Another change in his writing, besides the focus on grown-up themes, is how much calmer it's gotten, to the extent that it's hard to believe that he once wrote books featuring immortal light bulbs, robot ducks, or sentient tornadoes. He's still the same writer who seemed to know everything there was to know about the history of Malta, medieval postal societies, the orthography of Central Asian languages, or Chinese occult practices, but he's turned his eye back to New York City again, giving it much more attention and detail than he did when he used it as part of the setting of V. I once read a quote to the effect that New York is the only city you can write about without sounding provincial; whether that's true or not, since I can imagine it being both a small canvas for a great artist and an impossibly daunting one for a lesser artist, Pynchon gives the city the same treatment he's given to the more exotic locales he's used over the years, filling it with all the little details that will jump out at anyone who's ever visited or lived there. Additionally, instead of throwing in highbrow references to Maxwell's Demon or quaternions, there's Dragonball Z, Jennifer Aniston hair, Final Fantasy X, Pokémon, and countless more pop culture items, handled with a deftness amazing for a 76 year-old, or indeed most people. It's hard to write about pop culture and not sound clunky, if you're old, or shallow, if you write for an indie music review site, so although it's less "mindblowing" that he's writing about all this familiar everyday stuff instead of his more abstruse encyclopedia findings, his evocation of the 9/11 era is still impressive.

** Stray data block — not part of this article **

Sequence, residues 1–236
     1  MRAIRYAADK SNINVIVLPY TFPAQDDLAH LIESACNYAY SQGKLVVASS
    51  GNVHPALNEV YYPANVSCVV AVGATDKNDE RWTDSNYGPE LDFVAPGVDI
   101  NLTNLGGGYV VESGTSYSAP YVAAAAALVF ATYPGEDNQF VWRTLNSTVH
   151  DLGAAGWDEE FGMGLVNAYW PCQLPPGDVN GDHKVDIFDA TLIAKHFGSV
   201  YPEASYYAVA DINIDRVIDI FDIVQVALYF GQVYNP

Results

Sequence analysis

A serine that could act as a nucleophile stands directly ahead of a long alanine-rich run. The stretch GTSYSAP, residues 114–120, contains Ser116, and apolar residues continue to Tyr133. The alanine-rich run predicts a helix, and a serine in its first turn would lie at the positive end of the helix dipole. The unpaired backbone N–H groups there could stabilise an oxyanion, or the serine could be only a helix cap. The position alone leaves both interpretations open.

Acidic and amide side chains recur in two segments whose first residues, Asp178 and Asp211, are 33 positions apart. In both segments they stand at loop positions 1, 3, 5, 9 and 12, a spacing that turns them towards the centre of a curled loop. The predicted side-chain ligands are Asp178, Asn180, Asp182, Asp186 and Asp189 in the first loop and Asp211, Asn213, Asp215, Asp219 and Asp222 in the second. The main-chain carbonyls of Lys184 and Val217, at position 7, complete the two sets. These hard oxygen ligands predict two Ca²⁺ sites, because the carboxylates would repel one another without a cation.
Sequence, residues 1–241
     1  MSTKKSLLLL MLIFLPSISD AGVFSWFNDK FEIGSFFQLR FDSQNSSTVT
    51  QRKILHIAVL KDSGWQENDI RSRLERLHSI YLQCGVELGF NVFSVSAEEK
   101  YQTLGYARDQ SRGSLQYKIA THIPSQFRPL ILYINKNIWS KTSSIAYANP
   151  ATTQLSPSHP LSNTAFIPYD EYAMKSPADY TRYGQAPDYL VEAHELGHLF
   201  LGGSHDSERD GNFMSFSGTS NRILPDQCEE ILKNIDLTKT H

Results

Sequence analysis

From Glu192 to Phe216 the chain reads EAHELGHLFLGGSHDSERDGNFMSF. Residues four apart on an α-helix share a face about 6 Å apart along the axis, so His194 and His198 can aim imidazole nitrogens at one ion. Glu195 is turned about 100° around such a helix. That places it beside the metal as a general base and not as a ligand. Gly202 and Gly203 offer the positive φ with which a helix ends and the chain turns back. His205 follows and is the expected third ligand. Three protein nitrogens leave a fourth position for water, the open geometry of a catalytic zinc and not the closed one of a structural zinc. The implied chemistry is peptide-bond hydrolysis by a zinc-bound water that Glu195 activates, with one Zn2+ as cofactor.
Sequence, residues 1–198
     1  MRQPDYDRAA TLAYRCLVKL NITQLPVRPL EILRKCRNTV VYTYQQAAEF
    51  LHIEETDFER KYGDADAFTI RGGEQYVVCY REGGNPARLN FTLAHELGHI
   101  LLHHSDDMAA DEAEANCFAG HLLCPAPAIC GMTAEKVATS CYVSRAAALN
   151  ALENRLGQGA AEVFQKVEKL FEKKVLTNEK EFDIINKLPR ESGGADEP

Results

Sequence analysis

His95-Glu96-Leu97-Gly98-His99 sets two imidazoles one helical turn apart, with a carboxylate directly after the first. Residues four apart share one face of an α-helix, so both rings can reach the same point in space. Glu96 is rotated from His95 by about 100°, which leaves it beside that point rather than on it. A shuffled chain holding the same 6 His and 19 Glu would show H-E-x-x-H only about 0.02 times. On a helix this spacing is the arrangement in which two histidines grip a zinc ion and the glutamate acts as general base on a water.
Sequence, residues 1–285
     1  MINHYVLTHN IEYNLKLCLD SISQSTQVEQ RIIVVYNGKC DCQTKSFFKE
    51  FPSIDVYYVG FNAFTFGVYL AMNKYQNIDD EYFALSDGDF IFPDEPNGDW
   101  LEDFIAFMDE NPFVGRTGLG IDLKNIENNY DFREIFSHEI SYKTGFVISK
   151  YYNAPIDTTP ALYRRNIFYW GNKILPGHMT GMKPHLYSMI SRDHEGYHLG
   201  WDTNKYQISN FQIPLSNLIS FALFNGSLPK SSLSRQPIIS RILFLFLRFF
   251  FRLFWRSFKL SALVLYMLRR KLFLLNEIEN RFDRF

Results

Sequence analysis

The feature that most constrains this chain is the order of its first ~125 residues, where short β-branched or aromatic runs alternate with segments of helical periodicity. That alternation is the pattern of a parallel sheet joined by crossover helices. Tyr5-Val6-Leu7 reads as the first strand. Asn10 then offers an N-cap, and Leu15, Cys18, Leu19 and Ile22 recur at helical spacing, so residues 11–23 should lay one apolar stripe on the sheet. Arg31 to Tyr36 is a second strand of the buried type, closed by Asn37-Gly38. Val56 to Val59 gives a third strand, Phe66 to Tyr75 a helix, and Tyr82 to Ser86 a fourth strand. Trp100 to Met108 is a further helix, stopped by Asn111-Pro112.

Speaking of 9/11, I really appreciated the way he handled it. It would be easy for a lesser writer to milk the event for tears and sentiment through some pompous literary overwriting, but instead everyone in the book behaves like a normal person and has exactly the kind of emotions you remember from 12 years ago. There's a nod to quasi-truther theories, but only as a way for him to work in his trademark paranoia theme, which aside from a joke or two like "Paranoia is the garlic in life's kitchen", is absent here to a degree greater than every other book aside from maybe Mason & Dixon in spite of Maxine's investigation's resemblances to Oedipa's famously paranoia-soaked quest. One irritating trope I've noticed among critics of his more recent works is this idea that he writes "shaggy dog" stories - that is, his books are merely extended versions of the famous "We're the aristocrats!" routine or that knock-knock joke that ends in "Orange you glad I didn't say banana again?" - the implication is that Pynchon is just stringing the reader along like a sucker, rambling on about paranoia, conspiracies, and so forth, teasing with the possibility of meaning, and then ending his books with a yuk and a rimshot, cheating them of the glorious sense of emotional, aesthetic, and narrative closure you get in a true masterpiece like, say, a Jonathan Franzen novel. I would be tempted to dismiss this stupid, borderline illiterate criticism as either sour grapes or straightforward philistinism, but I was glad to see that Pynchon decided to make fun of that line of thinking himself with a literal Shaggy dog story, a description of the unfortunately fictional "Scooby Goes Latin!" cartoon Maxine's kids are watching:

"Shaggy, somehow allowed to drive the van, has become confused and made some navigational errors, landing the adventurous quintet eventually in Medellín, Colombia, home at the time to a notorious cocaine cartel, where they stumble onto a scheme by a rogue DEA agent to gain control of the cartel by pretending to be the ghost - what else - of an assassinated drug kingpin. With the help of a pack of local street urchins, however, Scooby and his pals foil the plan.
The cartoon comes back on, the villain is brought to justice. "And I would've got away with it, too," he complains, "if it hadn’t been for those Medellín kids!"